Time and again ‘swarms of words’ have set out to define ‘art’! But they remain being just another ‘approximate’! 

-N S Harsha

b. 1969, in Karnataka, India


N. S. Harsha was born in 1969. He completed his BFA in painting from CAVA, Mysore, in 1992, and his MFA, also in painting, from the Faculty of Fine Arts, M. S. University, Baroda, 1995.


N.S. Harsha’s paintings, offer the artist’s witty and poetic, political and social responses to a variety of issues relating to global economics, the marketplace, and cultural heritage. The figurative and narrative paintings are woven out of the artist’s personal travel experiences, photographs and images culled from the media. Like a chronicler, often drawing from popular stories and local perceptions of international news events, Harsha depicts on his canvasses small town/city Indian life in our increasingly globalized times. His intricately detailed canvasses juxtapose seemingly disassociated images of scenes of small town and village India with those of more recognizably international ones. Harsha’s multi-layered narratives strongly suggest that the global is always already located within the local imagination.


Harsha creates in each of his acrylic on canvas paintings intimate spaces that bring to mind the basic format of early cinema or theatre halls usually found in small towns and villages. The narratives in Harsha’s satirical canvasses unfold against painted backdrops as his figures – the Queen of England, school children, the quintessential Indian farmer figure, Hindu mythological characters, or sages and clowns – juxtaposed against them act out complex scenes before us. Painting delicate banners into his paintings, Harsha cleverly plays with text and words. That Harsha’s imagery is influenced by popular street and poster art, and draws much from children’s text-book illustrations, Bazaar Art, and the forms found in handcrafted folk toys, is evident in the form and treatment of his flattened figures, skewed perspectives, and fine lines.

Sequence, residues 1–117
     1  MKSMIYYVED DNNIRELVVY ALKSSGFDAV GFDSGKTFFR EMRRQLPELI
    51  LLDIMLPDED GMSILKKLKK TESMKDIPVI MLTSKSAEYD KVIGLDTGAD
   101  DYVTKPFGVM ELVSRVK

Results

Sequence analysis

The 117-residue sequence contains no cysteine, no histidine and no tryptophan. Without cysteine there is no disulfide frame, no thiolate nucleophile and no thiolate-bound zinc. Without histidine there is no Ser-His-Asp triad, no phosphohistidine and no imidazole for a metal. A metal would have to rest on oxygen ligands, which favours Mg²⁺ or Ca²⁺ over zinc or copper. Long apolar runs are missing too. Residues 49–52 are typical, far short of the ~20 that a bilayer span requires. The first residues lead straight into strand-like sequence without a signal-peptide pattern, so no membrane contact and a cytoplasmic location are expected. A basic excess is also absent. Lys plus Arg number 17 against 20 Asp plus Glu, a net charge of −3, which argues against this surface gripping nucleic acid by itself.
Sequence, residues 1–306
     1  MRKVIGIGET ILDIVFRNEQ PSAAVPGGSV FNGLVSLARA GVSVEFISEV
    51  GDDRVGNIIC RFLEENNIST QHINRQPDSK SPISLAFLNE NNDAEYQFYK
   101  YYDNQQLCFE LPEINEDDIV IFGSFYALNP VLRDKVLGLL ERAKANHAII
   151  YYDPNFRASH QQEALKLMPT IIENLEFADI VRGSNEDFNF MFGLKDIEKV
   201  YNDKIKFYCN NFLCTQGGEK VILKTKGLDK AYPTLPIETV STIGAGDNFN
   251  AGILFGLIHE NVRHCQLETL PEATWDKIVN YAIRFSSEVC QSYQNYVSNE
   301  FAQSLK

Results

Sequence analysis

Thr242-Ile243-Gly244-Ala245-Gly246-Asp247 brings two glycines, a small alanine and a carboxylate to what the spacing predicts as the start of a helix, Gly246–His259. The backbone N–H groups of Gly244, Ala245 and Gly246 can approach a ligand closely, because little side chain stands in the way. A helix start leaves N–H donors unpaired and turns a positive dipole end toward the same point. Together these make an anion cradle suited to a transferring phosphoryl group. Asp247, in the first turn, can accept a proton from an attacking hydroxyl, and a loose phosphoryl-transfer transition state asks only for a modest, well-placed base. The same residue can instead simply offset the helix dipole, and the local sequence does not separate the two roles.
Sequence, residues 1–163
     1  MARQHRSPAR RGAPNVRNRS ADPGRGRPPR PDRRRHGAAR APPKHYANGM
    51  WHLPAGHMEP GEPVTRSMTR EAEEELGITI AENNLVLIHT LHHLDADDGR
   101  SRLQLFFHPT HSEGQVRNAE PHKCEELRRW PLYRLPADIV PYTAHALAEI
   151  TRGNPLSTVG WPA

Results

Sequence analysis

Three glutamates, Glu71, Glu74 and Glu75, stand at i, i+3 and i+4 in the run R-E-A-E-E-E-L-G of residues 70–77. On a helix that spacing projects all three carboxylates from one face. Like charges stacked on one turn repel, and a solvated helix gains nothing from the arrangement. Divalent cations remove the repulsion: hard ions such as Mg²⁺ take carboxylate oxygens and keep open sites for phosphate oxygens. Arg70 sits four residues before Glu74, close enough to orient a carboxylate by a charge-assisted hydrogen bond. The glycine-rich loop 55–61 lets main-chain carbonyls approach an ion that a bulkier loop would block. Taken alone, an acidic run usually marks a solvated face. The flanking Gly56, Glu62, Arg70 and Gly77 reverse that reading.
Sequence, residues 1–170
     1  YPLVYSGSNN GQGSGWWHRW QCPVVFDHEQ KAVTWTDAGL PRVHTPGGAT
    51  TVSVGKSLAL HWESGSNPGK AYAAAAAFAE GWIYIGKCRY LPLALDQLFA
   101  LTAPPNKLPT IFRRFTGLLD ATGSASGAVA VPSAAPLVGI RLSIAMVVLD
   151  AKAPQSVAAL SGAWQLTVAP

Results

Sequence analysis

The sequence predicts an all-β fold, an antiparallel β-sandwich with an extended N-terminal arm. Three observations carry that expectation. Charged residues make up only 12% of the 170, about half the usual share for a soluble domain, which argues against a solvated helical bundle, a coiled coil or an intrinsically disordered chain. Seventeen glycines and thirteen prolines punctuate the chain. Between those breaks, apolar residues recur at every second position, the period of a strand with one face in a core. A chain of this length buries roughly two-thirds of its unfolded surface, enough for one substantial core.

Harsha has worked site specifically, collaboratively and collectively in various situations. In his hometown in Mysore, having worked with the local children from a school on art projects. As part of one of the artists at the Asia Pacific Triennale in Queensland, worked collaboratively with local children from Brisbane within the gallery. In a Hindu Temple during the Singapore Biennale, he painted on the terrace of a Hindu Temple, reflecting the colours of the temple, depicting the temple workers in various positions of sleep.

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